Researchers at IIT-Hyderabad are working on developing smartphone based sensors to detect adulteration in milk
Open an application in your smart phone and may be detecting on change of color or pH value of the milk your mobile phone will be able to tell you whether your milk is safe to consume or not! Whether it is milked from a cow or manufactured in a factory! Yes, IIT Hyderabad researchers are working on developing a smartphone based system that will be able to catch adulteration in your milk. The detector system measures acidity in milk using an indicator paper that changes color according to acidity. They have also developed algorithms that can be incorporated on to a smartphone to accurately detect the color change.
Working on Easy-To-Use & Low Cost device
IIT Professor Shiv Govind Singh, heading the research team, said, "While techniques such as chromatography and spectroscopy can be used to detect adulteration, such techniques generally require expensive set up and are not amenable to miniaturization into low-cost easy-to-use devices. Hence, they do not appeal to the vast majority of milk consumers in the developing world."
"We need to develop simple devices that the consumer can use to detect milk contamination. It should be possible to make milk adulteration detection fail safe by monitoring all of these parameters at the same time, without the need for expensive equipment," he said.
Detection will work using smart phone camera
In the process of development of this equipment the research team first developed a sensor-chip based method for measuring pH level, an indicator of the acidity. They used a process called "electrospinning" to produce paper-like material made of nano sized nylon fiber, loaded with a combination of three dyes. The paper is "halochromic" which changes color in response to changes in acidity.The researchers have developed a prototype smart phone-based algorithm, in which, the colors of the sensor strips after dipping in milk are captured using the phone camera, and the data is transformed into pH range.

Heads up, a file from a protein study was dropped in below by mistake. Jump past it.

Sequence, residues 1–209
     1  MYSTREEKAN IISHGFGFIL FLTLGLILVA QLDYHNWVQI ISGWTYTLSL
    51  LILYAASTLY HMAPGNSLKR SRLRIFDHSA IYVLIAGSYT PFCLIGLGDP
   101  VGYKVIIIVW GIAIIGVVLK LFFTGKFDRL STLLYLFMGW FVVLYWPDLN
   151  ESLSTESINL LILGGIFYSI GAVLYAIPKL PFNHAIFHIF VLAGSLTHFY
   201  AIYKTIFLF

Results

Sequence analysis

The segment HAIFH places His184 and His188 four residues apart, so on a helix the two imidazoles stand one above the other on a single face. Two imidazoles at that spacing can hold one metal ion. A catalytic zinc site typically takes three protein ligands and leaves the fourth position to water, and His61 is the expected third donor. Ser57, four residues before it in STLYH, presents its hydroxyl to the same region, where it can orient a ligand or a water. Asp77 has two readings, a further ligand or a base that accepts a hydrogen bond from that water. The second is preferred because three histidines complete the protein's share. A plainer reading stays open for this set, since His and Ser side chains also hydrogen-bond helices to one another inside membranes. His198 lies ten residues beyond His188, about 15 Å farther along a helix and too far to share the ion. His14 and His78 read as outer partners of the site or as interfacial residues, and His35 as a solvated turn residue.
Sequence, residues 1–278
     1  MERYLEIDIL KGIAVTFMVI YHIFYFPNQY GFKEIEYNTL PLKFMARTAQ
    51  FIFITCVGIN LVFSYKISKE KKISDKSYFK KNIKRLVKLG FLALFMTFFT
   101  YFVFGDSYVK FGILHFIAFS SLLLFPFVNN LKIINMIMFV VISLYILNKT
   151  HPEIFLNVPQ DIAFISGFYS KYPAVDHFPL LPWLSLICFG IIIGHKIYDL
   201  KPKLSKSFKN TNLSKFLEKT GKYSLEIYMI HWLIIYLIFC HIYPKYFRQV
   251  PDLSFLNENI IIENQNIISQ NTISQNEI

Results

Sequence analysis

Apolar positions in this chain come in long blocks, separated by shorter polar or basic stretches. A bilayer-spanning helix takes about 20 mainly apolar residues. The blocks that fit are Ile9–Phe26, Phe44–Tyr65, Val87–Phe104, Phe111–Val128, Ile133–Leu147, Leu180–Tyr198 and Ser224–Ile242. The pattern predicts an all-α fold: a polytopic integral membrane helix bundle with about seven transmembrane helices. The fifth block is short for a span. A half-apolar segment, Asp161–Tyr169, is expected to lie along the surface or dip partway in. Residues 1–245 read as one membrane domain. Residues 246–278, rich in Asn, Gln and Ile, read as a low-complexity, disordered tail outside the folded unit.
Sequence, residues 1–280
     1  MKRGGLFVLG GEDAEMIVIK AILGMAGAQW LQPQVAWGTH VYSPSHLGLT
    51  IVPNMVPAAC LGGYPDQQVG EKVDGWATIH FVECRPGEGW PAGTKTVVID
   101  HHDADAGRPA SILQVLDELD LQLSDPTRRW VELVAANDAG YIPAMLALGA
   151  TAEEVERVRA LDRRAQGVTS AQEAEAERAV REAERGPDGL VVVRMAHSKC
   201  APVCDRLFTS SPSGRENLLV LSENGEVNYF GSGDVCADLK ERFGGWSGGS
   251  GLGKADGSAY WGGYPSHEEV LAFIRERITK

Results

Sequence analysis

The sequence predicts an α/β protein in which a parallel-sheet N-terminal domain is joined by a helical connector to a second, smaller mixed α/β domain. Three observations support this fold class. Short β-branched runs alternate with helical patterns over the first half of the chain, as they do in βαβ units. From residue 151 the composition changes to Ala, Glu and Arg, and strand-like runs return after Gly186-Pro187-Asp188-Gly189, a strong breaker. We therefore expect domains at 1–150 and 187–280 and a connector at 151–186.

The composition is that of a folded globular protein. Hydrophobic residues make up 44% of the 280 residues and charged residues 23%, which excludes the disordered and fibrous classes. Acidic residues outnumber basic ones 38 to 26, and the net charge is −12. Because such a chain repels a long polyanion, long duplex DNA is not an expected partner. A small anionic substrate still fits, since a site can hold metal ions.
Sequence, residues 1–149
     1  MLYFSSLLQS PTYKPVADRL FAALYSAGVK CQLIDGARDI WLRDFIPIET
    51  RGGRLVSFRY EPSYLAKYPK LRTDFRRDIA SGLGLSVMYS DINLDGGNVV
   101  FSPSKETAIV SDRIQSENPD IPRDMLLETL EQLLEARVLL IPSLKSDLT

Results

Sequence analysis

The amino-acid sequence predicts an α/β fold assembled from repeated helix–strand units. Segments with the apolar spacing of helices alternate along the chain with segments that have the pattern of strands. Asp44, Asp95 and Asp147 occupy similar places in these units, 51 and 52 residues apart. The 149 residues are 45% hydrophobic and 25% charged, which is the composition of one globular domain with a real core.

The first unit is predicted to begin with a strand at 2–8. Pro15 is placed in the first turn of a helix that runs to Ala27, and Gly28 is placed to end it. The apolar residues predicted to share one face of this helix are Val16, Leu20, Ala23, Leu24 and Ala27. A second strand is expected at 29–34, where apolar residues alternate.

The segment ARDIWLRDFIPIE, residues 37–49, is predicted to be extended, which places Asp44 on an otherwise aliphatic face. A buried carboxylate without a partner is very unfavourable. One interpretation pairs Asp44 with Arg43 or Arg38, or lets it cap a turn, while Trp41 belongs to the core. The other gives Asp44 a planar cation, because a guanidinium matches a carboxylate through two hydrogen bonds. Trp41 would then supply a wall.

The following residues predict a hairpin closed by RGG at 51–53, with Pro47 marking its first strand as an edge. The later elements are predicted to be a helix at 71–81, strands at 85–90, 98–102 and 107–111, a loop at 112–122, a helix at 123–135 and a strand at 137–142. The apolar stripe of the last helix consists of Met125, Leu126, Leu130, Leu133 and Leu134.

"The team will extend the research to study the effects of mobile phone cameras and lighting on detection efficiency."
"We have used three machine-learning algorithms and compared their detection efficiencies in classifying the color of the indicator strips. On testing with milk spiked with various combinations of contaminants, we found near-perfect classification with accuracy of 99.71 per cent," Mr Singh said.
"The team will extend the research to study the effects of mobile phone cameras and lighting on detection efficiency.
"In the long run, we hope to develop sensors for other physical properties such as conductivity and refractive index and integrate it with the pH detection unit to obtain comprehensive milk quality check systems that can be easily deployed by the consumer using mobile phones and other hand-held devices," he said.